Brent crude hits new 5yr low
Brent for January settlement declined as much as $2.30 to its lowest price since October 2009. WTI for January delivery also slumped, losing as much as $1.43 trading at $64.41 per barrel.
JPMorgan Chase says that oversupply will continue into 2015, after OPEC decided not to cut output, and trimmed its 2015 Brent price to $82 per barrel, a $33 cut. In November, the price of Brent lost 18 percent.
The US Energy Information Administration has lowered its 2015 predictions as well, with Brent expected to average $83 per barrel, an $18 per barrel cut than the last forecast. WTI is forecast to average $77 in 2015.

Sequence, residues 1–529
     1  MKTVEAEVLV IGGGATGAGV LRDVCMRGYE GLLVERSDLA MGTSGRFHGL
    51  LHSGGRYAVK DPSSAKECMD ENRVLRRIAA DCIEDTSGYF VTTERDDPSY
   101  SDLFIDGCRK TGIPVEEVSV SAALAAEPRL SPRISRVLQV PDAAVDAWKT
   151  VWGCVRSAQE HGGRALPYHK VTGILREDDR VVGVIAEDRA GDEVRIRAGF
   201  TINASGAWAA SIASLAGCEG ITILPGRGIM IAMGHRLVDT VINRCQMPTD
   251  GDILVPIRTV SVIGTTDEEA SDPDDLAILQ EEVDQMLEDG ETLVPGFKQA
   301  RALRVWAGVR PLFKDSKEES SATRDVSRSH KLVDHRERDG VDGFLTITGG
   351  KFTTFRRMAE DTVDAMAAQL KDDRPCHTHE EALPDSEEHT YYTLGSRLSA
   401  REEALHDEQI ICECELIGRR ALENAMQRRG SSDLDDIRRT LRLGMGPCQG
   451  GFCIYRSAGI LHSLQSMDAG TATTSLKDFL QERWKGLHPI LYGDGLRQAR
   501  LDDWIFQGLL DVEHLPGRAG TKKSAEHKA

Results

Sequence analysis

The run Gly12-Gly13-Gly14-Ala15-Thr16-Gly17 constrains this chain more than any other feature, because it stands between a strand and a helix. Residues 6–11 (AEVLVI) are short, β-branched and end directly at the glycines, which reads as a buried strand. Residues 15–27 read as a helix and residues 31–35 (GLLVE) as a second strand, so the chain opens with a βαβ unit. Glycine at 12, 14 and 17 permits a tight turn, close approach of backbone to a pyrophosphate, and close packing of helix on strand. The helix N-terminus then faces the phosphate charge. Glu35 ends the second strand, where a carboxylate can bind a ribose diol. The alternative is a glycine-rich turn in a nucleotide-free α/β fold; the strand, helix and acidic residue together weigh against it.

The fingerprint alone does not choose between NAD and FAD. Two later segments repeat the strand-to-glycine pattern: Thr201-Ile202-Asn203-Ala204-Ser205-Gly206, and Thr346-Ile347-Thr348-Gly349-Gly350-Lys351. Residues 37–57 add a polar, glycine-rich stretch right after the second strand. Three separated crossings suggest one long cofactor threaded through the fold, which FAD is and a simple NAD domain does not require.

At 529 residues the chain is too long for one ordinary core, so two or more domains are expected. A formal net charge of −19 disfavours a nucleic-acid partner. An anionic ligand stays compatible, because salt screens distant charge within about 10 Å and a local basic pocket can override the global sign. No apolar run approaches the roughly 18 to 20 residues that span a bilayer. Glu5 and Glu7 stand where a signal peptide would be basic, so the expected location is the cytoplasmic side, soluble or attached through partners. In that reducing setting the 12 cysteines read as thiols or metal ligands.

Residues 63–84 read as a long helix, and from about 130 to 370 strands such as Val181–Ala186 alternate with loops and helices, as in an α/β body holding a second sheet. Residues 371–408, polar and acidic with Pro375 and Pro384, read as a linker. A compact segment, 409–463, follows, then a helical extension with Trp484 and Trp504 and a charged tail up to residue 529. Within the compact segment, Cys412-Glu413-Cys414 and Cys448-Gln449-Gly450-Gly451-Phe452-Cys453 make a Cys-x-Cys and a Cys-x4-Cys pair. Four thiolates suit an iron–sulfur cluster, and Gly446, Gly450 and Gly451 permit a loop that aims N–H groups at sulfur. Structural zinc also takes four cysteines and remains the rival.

Brent and WTI have been on a slippery slope since June, and have lost more than 40 percent in value from their peak of $115.
The US shale market and Gulf States are oversupplying the market, which has lost demand, especially in Europe and Asia.
On November 27, the 12-nation Organization of the Petroleum Exporting Countries (OPEC), led by influential Saudi Arabia, decided to keep output as is, letting prices decline further.
Saudi Arabia is the world’s second largest oil producer, and expects oil prices to stabilize at $60.
“The belief is spreading that we could hit $60 or even lower before this stabilizes,” Ole Hansen, head of commodity strategy at Saxo Bank told Bloomberg News via email.
Brent crude slumped to a five-year low amid concern that hedge funds and other money managers bet too much on rising prices.